$a->set_time_zone("Europe/Berlin"); $a->set_time_zone("Chile/EasterIsland"); $a->set_time_zone("Asia/Seoul"); printf "The time in Seoul is still %s.\n", $a->hms;

This prints:

The time in Seoul is still 19:00:00.

We can hop all around the globe, but the object always represents 19:00 in Seoul, and when we get back to Seoul it's still 19:00.

But now let's do the same thing with floating time zones:

my $b = DateTime->new( second => 0, minute => 0, hour => 5, day => 23, month => 12, year => 2013, time_zone => "America/New_York", ); printf "The time in New York is %s.\n", $b->hms; $b->set_time_zone("floating"); $b->set_time_zone("Asia/Seoul"); printf "The time in Seoul is %s.\n", $b->hms;

Here we take a hop through the imaginary "floating" time zone. The output is now:

The time in New York is 05:00:00. The time in Seoul is 05:00:00.

The time has changed! I said there were at least two reasonable ways to behave, and that set_time_zone behaves in the second reasonable way. Which it does, except that conversions to the "floating" time zone behave the first reasonable way. Put together, however, they are unreasonable.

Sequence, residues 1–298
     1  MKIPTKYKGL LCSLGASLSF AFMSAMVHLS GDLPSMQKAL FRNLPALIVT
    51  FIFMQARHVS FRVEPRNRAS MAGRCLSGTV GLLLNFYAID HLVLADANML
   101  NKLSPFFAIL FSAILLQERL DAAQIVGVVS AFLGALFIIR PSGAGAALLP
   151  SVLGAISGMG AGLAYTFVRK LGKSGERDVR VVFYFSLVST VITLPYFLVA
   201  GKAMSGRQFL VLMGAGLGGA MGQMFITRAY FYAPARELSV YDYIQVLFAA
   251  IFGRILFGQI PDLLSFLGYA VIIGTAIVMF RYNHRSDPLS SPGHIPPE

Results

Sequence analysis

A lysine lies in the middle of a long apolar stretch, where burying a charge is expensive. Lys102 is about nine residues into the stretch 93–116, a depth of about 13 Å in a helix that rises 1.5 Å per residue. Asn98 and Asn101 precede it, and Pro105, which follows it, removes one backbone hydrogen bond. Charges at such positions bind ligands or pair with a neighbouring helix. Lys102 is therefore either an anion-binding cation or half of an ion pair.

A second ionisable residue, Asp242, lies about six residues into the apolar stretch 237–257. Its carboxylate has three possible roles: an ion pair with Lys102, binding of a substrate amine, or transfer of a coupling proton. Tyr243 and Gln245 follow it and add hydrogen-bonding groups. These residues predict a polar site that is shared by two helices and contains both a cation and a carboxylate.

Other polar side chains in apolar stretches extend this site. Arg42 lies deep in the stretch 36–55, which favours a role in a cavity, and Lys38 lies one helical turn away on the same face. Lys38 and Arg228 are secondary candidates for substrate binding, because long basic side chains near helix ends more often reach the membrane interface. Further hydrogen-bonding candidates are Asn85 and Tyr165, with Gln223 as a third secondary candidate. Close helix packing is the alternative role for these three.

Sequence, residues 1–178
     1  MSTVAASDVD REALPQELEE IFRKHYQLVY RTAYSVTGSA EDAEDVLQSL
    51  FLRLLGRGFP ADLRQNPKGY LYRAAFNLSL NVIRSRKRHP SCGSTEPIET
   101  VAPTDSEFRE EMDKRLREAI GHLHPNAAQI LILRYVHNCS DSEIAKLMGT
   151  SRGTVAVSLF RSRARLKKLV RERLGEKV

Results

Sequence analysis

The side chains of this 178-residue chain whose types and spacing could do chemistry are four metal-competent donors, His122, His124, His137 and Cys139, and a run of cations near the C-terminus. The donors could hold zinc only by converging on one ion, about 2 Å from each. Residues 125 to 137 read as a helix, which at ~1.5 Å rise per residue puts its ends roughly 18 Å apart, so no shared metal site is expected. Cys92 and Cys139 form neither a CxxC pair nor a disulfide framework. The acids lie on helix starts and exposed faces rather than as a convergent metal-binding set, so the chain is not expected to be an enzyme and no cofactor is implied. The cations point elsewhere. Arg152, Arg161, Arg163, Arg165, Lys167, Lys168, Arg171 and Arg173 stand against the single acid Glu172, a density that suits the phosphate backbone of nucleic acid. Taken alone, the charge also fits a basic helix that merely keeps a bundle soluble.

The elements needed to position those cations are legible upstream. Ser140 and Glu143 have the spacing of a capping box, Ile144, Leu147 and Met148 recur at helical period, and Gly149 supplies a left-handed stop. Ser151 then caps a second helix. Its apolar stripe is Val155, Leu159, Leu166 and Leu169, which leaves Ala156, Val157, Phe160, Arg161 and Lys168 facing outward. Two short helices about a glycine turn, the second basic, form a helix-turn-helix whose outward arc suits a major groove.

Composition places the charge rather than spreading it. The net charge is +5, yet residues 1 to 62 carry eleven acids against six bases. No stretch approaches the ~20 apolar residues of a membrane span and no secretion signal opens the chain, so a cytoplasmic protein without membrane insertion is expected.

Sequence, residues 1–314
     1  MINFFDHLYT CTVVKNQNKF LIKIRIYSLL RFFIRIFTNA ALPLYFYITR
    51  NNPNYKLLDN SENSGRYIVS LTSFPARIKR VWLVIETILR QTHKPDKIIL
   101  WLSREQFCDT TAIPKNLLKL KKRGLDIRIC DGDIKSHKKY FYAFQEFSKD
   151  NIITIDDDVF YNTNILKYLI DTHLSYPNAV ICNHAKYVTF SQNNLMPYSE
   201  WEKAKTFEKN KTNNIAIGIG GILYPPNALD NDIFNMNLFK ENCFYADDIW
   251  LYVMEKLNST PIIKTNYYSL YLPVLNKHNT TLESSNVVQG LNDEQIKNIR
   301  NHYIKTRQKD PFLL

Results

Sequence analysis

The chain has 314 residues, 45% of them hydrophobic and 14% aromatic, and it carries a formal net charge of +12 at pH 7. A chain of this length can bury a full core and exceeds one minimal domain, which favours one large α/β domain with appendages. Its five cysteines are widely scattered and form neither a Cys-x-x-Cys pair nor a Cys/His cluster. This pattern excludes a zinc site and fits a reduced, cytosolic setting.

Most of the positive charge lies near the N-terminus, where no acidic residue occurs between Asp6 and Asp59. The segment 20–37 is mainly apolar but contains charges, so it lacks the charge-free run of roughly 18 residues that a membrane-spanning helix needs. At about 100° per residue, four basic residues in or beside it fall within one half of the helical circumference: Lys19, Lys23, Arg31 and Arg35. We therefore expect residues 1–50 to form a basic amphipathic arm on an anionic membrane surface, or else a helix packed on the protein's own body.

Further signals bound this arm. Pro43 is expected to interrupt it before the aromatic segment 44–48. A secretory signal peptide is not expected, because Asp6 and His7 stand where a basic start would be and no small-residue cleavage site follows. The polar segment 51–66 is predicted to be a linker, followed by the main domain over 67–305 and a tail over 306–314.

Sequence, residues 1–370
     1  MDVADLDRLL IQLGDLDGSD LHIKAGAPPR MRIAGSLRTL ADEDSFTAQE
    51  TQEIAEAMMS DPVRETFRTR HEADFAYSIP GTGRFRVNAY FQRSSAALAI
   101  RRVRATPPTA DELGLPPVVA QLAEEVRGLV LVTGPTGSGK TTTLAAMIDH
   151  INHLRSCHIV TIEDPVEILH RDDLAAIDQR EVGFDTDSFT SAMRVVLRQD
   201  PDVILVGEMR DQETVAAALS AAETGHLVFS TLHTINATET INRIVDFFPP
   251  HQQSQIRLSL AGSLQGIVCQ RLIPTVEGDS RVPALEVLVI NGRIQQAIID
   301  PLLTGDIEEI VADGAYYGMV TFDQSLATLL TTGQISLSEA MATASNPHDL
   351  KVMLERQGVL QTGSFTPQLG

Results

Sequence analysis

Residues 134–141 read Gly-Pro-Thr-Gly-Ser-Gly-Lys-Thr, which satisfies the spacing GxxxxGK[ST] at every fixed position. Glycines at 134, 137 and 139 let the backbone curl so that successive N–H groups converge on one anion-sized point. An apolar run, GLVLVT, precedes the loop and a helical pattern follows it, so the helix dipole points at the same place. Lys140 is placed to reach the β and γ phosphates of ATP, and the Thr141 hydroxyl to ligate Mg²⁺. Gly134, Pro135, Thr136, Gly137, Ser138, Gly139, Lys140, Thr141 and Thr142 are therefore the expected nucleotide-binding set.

2. use DateTime; sub dec23 { my ($hour, $zone) = @_; return DateTime->new( second => 0, minute => 0, hour => $hour, day => 23, month => 12, year => 2013, time_zone => $zone, ); } my $a = dec23( 8, "Asia/Seoul" ); my $b = dec23( 6, "America/New_York" ); my $c = dec23( 7, "floating" ); printf "A is %s B\n", $a < $b ? "less than" : "not less than"; printf "B is %s C\n", $b < $c ? "less than" : "not less than"; printf "C is %s A\n", $c < $a ? "less than" : "not less than";

With DateTime 1.04, this prints:

A is less than B B is less than C C is less than A

There are non-transitive relations in the world, but comparison of times is not among them. And if your relation is not transitive, you have no business binding it to the < operator.

However...

Rik Signes points out that the manual says:

If you are planning to use any objects with a real time zone, it is strongly recommended that you do not mix these with floating datetimes.

However, while a disclaimer in the manual can document incorrect behavior, it does not annul it. A bug doesn't stop being a bug just because you document it in the manual. I think it would have been possible to implement floating times sanely, but DateTime didn't do that.